Seeley: To me, right away, I had to address that because it’s obvious that part of disconnection from reality is the appeal of drug and alcohol. People who would be assigned to this job would probably immediately consider, “Would I be helped by disconnecting from reality by doing drugs or getting drunk?” It also relates to the real world where the CIA and other American places were testing acid during the MKUltra experiments. I think having this FBI agent, and in issue 3 we learn he understands it’s part of their job to get out of their own minds. He’s not necessarily against her doing whatever that takes. Obviously with Crocket, he supports her doing that because he knows he has to do that for himself.
AiPT!: I love that this is part of the Vertigo imprint. I grew up with Vertigo and loved it, and then it went away. Are there any Vertigo titles you remember fondly?
Seeley: Oh yeah. I was 13 when Vertigo debuted so it was a perfect time. I think I was 13 or 14 when Death: The High Cost of Living came out, which is the first branded Vertigo book. I was so excited. It was comics that didn’t look like the comics I was used to. Tackling subjects I wasn’t used to seeing tackled in comics. I loved that stuff. Part of the reason I pitched this one to Vertigo, and I didn’t take it anywhere else, as I really wanted to do a book that was sort of traditionally Vertigo even if I did a different spin on it. To me, this book really feels like the Vertigo books when I was a kid. Its got this really adult heavy theme to it. But it’s also got crazy monsters and drug use and counterculture and all that sort of stuff really represented those kinds of books. Even artistically and stylistically, when I talked to Stephen about this, I wanted this to do, one of the hallmarks of this book was that as crazy as they were they had traditional art styles with really good storytelling. That was something we wanted to appropriate for this book. And Stephen, I think he’s doing this Steve Dillon, Jill Thompson illustrations for this story. It’s really beautiful but very clear storytelling.
AiPT!: What got you interested in comics?
Seeley: When I was 5 years old, I got this fascination with drawing and I’d just sit and draw at the kitchen table. At one point we were camping and it was raining and my mom took me to the camp store and she pointed out comic books. She said those are drawn. The connection between the doodles I’ve done on the kitchen table and these illustrated stories… something about that really connected with me at a really young age. And partially it was a way to–I lived in the country there was not a lot of other kids around and not a lot to do so it was an ability to escape in this other world. You always see that in every story I do too.
AiPT!: Do you add drawing into your writing process, like with Stephen, do you give him storyboards?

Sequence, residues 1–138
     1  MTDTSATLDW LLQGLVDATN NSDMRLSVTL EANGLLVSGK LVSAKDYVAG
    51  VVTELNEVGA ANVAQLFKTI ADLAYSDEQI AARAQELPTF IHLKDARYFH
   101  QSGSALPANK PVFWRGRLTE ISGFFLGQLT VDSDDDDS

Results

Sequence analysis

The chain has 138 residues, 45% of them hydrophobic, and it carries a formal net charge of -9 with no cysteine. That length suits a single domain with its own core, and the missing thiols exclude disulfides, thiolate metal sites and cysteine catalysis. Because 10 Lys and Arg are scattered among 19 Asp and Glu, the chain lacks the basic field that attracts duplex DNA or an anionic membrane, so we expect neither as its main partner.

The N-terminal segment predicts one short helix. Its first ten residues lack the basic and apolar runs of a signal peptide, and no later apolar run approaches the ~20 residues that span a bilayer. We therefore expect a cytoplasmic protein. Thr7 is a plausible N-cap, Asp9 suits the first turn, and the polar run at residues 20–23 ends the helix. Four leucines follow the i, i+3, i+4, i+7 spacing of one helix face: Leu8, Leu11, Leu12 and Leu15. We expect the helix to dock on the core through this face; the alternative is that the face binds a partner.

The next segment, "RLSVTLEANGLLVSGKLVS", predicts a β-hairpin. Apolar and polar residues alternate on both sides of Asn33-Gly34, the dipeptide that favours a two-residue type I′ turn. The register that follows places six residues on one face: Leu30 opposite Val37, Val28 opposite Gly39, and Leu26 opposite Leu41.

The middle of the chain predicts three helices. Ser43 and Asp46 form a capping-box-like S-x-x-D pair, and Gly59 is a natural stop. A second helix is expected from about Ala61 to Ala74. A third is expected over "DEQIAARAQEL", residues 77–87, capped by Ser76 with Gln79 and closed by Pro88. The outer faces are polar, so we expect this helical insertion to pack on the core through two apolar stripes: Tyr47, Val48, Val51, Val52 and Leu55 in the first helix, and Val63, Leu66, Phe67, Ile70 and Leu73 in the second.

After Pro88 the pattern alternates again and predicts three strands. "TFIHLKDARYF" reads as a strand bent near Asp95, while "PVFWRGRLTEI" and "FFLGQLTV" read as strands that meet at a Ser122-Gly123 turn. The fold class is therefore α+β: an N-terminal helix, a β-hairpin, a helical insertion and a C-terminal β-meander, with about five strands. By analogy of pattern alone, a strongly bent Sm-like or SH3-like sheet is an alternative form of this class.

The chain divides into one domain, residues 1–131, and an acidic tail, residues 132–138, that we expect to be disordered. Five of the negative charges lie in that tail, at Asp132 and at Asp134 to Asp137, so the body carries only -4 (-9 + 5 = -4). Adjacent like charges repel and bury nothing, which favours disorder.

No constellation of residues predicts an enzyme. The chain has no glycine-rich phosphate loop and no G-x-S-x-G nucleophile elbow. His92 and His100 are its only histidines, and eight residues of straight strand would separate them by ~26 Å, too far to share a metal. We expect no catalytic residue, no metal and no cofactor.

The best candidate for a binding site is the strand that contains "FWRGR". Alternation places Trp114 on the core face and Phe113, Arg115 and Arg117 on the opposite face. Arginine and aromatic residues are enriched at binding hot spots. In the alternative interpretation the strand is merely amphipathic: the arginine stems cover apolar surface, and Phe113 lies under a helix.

Seeley: I don’t know why, but I’ve never done that. I know other writers do that, like Grant Morrison, but I just don’t. To me, writing for someone else is very separate from drawing, so I haven’t traditionally done layouts for anybody. Occasional I’ll design characters and slip them in. I’ll do that for Green Lanterns and stuff, but they are very separate things for me for some reason.
AiPT!: Speaking of Green Lanterns, which you write, I have a co-worker who asked me to ask you are you going to have Simon and Jessica together, that’s his words, and I was like, “Together?”
Seeley: Like romantically?
Seeley: [Laughs] To me, the Green Lanterns book is, you know, a little bit of Moonlighting, the TV show. It survived season upon season building up this “will they or won’t they” relationship. As soon as they got together, everyone stopped watching the show. The idea has to be that they are partners and they understand each other in a way that most people won’t get to and they have to rely on each other–that’s more intimate that married couples sometimes. But they can’t have a relationship because it would ruin everything. The next arc of the story, we definitely get into that, there’s a whole arc about them, “are they attracted to each other, do they have romantic feelings for each other, why don’t they?” We definitely play around with that because I love that stuff.
AiPT!: That makes sense. It has to be on the surface or people might lose interest in it. I have one more question, what is your favorite method of procrastination?
Seeley: I wish I could say something great, but I think I’m like everybody else at this point, I just get lost in the Internet all the time. The internet is a great distraction of our time. If there’s any way to procrastinate it’s by getting lost in some thread.